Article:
If you're thinking about moving to Minnesota with your horse, you'll need to know all about the state and what you can expect, not just in terms of what types of horses are present, but also pertinent human facts such as: Who lives there? What's the weather like? Will you be able to find a job? What is there to do in Minnesota? This article will attempt to answer these questions for you so that you can decide if Minnesota is the right choice for you, your family, and your horse.

Minnesota is one of the most northernmost of the Midwestern states and it has a border on Lake Superior, which makes it similar in climate to the Canadian province of Ontario. Winters are snowy and cold, summers are warm and humid, falls are crisp and colorful, and springs are rainy and chill. There are a lot of lakes in this state, giving it the nickname Land of 10,000 Lakes. Therefore those from colder climates will find it very easy to get used to living in Minnesota.

Like Ontario, Minnesota's population density is very low except for the areas around major cities. In fact, over 60% of state residents live in the vicinity of the Twin Cities of Minneapolis and St. Paul. Therefore if a career in real estate is your aim, you should resettle in the city, not the countryside. As a whole, the people of Minnesota are healthy, civic minded, open minded, literate, and of Scandinavian or German descent, though there are more African, Asian, and Hispanic peoples now than there were a few years ago.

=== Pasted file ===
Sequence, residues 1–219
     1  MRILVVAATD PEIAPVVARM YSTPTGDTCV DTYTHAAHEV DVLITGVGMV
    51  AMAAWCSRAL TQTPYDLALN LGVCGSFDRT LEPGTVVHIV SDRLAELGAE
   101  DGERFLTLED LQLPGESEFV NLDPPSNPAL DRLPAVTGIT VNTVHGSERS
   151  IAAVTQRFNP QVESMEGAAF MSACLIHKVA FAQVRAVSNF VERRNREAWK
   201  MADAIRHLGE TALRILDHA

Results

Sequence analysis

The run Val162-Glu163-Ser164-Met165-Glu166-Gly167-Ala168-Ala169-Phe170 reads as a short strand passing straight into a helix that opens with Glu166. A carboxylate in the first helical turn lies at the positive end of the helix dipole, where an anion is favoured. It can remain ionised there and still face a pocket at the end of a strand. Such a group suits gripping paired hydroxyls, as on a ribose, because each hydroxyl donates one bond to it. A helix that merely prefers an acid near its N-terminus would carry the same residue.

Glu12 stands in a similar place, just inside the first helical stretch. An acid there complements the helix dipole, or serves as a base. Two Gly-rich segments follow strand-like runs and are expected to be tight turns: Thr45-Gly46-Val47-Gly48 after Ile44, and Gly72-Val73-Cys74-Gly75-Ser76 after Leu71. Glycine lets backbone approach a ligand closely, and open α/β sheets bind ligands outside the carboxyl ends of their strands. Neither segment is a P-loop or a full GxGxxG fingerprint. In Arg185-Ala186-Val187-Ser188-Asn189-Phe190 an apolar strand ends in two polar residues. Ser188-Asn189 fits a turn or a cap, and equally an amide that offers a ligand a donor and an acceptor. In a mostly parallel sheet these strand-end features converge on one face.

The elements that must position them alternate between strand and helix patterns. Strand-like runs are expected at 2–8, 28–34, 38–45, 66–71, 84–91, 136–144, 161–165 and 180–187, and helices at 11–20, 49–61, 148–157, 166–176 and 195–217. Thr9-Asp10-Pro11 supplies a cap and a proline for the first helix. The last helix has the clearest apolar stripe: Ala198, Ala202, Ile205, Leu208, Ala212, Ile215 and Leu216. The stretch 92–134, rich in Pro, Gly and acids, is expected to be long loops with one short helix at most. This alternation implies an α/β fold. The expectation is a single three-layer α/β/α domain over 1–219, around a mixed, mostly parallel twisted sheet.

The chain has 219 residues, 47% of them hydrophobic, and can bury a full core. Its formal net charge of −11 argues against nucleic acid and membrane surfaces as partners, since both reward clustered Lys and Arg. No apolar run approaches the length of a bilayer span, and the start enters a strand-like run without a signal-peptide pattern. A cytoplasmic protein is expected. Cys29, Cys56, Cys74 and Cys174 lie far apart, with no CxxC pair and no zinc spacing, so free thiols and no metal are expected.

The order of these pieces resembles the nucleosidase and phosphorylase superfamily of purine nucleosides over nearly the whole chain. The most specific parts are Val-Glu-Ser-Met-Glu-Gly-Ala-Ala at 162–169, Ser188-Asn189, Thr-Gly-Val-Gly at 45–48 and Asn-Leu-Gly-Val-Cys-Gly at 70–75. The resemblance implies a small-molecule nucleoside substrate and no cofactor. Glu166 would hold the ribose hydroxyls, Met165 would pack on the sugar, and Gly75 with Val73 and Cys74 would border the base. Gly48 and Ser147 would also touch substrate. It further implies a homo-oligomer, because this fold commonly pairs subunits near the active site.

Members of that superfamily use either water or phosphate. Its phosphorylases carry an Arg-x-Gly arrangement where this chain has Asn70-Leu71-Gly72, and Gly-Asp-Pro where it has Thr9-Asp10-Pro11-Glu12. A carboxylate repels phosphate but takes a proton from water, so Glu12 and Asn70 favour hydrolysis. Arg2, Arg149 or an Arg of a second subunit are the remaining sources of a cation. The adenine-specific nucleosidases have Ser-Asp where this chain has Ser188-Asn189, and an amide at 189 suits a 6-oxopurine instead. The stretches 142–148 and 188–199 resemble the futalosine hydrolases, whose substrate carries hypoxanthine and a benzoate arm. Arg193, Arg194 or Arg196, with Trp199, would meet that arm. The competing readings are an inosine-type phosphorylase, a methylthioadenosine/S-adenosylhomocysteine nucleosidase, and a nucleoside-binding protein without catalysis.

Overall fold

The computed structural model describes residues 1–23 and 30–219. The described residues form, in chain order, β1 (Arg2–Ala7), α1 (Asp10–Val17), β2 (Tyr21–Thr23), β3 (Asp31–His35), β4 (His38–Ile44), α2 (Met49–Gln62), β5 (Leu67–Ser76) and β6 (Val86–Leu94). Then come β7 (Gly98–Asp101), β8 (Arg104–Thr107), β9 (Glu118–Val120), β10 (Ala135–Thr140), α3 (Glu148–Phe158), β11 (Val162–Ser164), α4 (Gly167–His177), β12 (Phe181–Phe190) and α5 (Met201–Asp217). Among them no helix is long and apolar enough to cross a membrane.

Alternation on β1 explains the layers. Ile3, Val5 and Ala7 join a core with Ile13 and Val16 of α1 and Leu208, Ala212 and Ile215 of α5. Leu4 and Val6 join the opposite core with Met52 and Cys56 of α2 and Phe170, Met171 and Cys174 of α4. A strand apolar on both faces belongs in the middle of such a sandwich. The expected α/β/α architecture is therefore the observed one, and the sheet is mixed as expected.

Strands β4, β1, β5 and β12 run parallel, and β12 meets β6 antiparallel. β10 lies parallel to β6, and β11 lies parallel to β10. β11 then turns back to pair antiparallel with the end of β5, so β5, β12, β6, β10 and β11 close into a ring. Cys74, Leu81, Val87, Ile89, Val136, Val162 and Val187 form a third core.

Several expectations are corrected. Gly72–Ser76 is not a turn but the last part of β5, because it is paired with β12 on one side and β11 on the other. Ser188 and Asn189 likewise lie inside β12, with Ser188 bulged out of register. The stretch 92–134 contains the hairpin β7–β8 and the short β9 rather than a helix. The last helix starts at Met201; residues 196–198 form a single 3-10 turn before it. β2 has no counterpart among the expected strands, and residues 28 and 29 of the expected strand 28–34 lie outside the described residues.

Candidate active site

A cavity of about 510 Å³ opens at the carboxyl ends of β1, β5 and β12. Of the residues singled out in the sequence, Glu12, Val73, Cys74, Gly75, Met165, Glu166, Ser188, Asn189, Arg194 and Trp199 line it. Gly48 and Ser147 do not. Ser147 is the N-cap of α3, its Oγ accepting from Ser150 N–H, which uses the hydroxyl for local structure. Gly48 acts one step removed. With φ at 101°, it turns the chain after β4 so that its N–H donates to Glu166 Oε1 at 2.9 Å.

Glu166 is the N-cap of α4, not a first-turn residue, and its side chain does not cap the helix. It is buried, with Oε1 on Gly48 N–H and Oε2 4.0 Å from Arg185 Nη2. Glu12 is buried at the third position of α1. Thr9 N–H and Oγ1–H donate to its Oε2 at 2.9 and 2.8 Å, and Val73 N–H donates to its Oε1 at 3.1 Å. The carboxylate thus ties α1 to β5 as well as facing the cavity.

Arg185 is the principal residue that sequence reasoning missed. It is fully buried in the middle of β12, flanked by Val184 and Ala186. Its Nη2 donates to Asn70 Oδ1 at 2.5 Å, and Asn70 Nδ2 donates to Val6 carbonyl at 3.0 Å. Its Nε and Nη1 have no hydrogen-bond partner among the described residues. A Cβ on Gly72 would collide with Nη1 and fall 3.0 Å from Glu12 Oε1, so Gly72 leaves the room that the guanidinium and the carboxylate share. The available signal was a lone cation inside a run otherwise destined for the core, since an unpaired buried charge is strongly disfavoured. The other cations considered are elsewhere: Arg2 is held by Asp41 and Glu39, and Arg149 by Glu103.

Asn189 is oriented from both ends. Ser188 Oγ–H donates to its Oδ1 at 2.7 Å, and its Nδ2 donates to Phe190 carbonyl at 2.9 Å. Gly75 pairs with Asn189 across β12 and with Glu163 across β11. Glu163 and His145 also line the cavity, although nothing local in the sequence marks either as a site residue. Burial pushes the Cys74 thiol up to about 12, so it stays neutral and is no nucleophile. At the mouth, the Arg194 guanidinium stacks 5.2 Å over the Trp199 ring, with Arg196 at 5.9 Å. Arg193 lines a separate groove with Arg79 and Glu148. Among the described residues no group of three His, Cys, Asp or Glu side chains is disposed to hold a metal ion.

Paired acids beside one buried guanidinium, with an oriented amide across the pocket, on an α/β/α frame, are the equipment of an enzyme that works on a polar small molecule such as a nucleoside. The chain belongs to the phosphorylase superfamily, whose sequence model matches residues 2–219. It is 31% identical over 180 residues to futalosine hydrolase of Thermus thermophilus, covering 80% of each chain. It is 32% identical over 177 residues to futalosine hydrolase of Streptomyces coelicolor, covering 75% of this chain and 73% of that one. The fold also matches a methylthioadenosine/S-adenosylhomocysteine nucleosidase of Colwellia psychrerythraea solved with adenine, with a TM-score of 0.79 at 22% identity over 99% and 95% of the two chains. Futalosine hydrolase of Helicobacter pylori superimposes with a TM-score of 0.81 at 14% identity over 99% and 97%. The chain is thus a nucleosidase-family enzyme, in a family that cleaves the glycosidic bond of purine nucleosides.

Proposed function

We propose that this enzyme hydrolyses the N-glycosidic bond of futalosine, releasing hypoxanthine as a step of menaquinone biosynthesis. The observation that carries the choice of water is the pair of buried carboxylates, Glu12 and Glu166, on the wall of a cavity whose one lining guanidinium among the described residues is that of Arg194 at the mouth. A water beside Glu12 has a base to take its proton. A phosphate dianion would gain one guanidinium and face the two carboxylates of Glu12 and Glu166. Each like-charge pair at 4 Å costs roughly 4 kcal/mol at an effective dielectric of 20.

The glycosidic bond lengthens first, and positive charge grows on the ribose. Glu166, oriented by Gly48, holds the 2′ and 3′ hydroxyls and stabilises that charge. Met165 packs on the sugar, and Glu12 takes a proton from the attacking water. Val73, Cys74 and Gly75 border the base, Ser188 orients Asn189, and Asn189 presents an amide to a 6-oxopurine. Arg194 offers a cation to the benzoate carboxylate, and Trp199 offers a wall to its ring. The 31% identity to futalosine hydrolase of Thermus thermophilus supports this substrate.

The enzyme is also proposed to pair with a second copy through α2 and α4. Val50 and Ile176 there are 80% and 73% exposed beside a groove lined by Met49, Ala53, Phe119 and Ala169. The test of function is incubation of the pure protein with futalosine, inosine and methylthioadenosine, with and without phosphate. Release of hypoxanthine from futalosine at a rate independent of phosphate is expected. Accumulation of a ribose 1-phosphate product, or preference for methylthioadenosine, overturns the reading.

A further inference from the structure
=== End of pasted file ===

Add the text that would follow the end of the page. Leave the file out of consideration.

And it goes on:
Minnesota is a beautiful state, and if you and your horse like to get out and explore, you couldn't ask for a better place to relocate. With four distinct ecological niches and thousands of kilometers of glaciated wilderness, outdoor activity is very popular, so pack your gear! There are more than 70 state parks and 50 state forests to explore along with hundreds of kilometers of lakes and rivers to paddle. Not all entertainment is outdoors, however. Minnesotans also love art, music, theater, literature, ice hockey, and other sports.

In terms of income, Minnesota has one of the highest per capita incomes in the country. The unemployment rate is 6.7 and those who do not have a job waiting for them in one industry can find one in other industries like forestry, ore mining, agriculture, manufacturing, and technology. There are also numerous colleges and universities that offer career training and job opportunities in the field of education. In contrast to the industries of mining and forestry is the high level of environmental awareness and concern exhibited by Minnesota residents.

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